This isn’t Hamilton fanfic. This is what happens when there is Hamilton fanfic in a world where ghosts gain or lose power based solely on “how well and widely they are remembered”, and takes place in that oddly physical limbo between life and whatever comes next as seen in A Girl and Her Fed.
Haven’t written anything over here for a few days, so here. Have some thoughts on George Washington. No, not that one.
Whenever I include a historical figure in the comic, I’ve tried to read as much of their own personal writings as possible. (Amelia Earhart was fantastic, by the way. I know I’ve said this before, but if she were alive today in the era of social media, she’d be killing it. Yeah yeah, she flew a plane. Whee. But did you know she addressed women’s social roles so thoroughly that she decided to start her own clothing line focused on practicality and wearability first, and appearance second, because she knew women needed to Get Shit Done? And that’s just one example and… and… Right. This is about Washington.)
Writing George Washington is so much fun. In the comic, his character is completely out of fucks to give. He has seen and done everything. In life, he survived betrayal, extraordinary loss, and hardships that we in this modern era can’t even imagine. Once the war was over, all he wanted to do was go sit on his farm and grow old, but no, there was this whole new country and he felt responsible for it. So he governs until he was sure it wouldn’t fall apart without him, and then he went to sit on his farm, with brief and much-resented interludes where he had to come out and make an appearance.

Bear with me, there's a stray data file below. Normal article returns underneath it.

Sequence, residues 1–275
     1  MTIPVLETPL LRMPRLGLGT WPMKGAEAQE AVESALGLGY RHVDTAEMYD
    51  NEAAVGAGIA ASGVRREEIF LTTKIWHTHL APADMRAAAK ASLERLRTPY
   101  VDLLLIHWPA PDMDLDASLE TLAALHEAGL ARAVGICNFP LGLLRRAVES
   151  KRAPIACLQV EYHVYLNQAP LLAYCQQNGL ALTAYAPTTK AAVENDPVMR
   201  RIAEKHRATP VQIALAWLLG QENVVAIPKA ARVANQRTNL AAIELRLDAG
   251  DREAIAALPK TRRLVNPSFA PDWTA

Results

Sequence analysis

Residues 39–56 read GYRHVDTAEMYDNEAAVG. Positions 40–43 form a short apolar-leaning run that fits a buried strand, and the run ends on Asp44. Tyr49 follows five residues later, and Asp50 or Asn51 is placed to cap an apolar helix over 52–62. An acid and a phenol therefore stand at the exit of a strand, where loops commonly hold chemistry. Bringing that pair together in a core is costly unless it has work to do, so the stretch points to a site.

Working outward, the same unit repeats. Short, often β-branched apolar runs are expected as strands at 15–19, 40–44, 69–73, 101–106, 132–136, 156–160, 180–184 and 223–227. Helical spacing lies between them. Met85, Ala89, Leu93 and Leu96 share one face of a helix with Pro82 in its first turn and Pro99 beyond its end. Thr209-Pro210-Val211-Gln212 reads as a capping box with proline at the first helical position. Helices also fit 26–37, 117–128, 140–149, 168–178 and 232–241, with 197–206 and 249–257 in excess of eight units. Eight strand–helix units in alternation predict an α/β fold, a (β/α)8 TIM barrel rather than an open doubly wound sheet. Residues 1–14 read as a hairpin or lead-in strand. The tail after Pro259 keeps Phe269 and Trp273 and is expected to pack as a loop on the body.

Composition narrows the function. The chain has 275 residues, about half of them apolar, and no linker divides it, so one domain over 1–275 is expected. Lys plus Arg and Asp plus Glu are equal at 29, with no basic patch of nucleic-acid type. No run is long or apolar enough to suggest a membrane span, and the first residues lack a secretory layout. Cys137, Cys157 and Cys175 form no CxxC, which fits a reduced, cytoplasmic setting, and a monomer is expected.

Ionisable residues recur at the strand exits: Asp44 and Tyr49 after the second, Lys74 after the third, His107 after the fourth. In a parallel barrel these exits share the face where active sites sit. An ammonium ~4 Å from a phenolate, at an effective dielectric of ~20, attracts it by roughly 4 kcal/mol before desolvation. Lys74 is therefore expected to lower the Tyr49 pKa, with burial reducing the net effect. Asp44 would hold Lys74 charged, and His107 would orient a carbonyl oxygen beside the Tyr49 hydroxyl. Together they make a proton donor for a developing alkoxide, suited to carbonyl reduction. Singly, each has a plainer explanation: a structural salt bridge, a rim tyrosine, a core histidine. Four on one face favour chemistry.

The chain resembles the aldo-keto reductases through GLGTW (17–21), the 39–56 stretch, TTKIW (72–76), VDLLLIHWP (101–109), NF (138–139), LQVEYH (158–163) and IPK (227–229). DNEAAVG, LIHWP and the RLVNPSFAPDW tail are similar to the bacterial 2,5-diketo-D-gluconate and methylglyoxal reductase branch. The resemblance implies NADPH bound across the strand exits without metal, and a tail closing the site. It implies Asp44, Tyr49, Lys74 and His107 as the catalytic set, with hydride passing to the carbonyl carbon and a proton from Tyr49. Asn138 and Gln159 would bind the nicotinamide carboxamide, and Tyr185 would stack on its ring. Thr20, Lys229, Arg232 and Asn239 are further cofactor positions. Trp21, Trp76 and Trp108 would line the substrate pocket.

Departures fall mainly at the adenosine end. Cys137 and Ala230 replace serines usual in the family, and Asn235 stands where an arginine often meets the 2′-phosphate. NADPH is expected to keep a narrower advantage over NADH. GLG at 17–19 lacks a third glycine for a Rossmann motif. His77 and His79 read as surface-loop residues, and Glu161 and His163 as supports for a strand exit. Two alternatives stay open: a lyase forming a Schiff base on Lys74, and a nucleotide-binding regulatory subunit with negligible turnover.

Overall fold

Can you imagine how pissed George the Ghost must have been when he died and found that the other ghosts thought he was still responsible for the country? Not only that, but he was so romanticized and heroized within society that he finds himself a super-powered ghost… an American god?
Man, he must have been pissed.
When I was first writing the ghosts into the story, I knew he’d show up. It’s a comic with the Founding Fathers in it, after all, and you cannot exclude Washington from that lineup. I had two options, and both of them would have been perfectly in character with George Washington’s in-life actions: George the Ghost could have stayed on his otherworld farm and removed himself from politics completely; or, George the Ghost could have rolled up his sleeves and started cracking heads.
I decided to go with the second option because Lincoln was the ghost who had banished himself to the afterlife. And because it was more fun. George the Ghost is great. He only looks like George Washington when he’s drawn as half-drunk and bitterly sarcastic. He only sounds like George Washington when he’s stating facts. Yeah, they’re just his opinions, but in his mind, they’re Facts.